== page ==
Friday, 3 April 2015

Dan Rebellato leads a charge...

 Academic Dan Rebellato, inspired by a tweet from 'the Glasgow-based theatre maker Vickie Beesley', delved into the history of The National Theatre (not Scotland) and concluded that its representation of female playwrights is... underwhelming. He could barely dig up a whole play with a female author that had been directed by an artistic director of the National.

A couple of years ago, a similar challenge was issued to The Lyceum, in Edinburgh. During one season, there was not a single female director or author - and, possibly thanks to an inflammatory tweet from a certain syrup-wearing TV magician, this became a thing to discuss.

I'm not drawing a complete comparison between the two events, beyond their discussion of the under-representation of women at certain levels of theatre. Indeed, I side with Beesley and Rebellato, while I didn't think The Lyceum issue was terribly important.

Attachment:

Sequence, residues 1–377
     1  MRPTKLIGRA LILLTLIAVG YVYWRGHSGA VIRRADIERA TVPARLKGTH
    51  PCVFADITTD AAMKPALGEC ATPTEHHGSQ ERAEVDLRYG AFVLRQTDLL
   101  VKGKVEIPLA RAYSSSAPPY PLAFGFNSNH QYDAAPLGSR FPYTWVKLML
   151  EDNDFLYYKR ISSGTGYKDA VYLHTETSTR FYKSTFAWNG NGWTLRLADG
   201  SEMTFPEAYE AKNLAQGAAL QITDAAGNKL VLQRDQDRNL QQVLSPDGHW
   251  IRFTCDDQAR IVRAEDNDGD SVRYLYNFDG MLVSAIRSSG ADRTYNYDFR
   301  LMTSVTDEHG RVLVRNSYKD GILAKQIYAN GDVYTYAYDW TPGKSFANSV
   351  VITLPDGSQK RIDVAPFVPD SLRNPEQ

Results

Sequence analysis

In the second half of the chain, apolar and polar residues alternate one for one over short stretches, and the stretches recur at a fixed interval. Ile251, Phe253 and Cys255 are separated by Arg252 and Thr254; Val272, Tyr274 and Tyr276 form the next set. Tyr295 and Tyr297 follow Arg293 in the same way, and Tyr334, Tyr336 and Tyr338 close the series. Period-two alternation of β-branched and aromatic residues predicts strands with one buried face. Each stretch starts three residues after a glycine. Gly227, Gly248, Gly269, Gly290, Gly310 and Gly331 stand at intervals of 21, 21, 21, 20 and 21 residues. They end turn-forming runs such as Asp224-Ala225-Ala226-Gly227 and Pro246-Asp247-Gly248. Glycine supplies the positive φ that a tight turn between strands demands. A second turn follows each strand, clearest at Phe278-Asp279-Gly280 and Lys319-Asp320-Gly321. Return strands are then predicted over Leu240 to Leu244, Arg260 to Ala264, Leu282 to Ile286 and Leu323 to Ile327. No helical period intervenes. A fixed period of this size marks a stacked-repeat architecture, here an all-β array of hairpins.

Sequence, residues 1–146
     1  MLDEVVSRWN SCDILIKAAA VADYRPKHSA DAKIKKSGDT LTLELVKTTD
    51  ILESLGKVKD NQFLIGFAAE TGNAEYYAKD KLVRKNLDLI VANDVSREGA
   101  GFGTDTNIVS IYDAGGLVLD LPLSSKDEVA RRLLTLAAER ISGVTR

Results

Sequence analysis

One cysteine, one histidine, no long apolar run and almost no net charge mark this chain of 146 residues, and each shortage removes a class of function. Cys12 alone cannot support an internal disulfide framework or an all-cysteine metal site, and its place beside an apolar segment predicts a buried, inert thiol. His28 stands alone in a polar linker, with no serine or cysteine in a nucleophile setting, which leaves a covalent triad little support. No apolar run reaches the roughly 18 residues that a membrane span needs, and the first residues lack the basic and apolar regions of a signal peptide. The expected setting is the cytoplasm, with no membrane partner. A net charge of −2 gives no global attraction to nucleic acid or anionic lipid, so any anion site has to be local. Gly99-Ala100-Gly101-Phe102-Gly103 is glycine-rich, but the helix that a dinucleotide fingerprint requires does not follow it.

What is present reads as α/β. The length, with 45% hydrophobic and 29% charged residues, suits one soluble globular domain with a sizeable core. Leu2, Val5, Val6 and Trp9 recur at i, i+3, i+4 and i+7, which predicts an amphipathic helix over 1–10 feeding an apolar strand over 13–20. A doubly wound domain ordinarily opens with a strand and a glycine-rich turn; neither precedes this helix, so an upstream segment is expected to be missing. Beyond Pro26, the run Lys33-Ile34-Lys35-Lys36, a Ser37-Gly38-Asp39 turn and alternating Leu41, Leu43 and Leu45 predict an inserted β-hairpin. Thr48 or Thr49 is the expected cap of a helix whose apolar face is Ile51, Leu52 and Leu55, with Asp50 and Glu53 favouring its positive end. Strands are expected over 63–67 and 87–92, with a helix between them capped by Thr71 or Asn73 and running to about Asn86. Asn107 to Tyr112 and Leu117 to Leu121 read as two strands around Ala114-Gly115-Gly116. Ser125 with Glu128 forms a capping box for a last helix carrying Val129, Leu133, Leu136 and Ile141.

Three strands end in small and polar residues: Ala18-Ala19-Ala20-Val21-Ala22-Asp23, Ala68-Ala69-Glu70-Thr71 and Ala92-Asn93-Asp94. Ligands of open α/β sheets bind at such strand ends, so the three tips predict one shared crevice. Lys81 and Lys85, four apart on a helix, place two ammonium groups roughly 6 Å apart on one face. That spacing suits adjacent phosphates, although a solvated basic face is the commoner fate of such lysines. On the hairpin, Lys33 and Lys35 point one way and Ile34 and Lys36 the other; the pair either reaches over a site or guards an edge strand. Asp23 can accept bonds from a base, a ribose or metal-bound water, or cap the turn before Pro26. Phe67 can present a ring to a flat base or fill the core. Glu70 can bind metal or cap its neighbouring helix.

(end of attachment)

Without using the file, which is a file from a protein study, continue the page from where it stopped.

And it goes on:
(And that's not just because it is easier to take a pot shot at an organisation five hundred miles away.)

The Lyceum became, for a brief moment, the symbol of an injustice - that women were not getting a fair share. This is despite the large number of women who work in theatre, at lower levels. However, I felt sorry for The Lyceum. It was only one season (they made damn sure their next season had a piece with, like, loads of women on stage), and their structure, with a male artistic director, is pretty typical of Scottish theatres. Casting a jaundiced eye around the nation, it is only really The Traverse that has a concentration of women in positions of artistic control (the recent arrival of Zinnie Harris makes the Trav a 'female-dominated' theatre, whatever I think I might mean by that).

The Lyceum situation was not anything unusual. In fact, it was business as usual. But having a public word with The National Theatre (which might be thought to represent a national culture, although I am sure that is contested) seems a good place to start a discussion...

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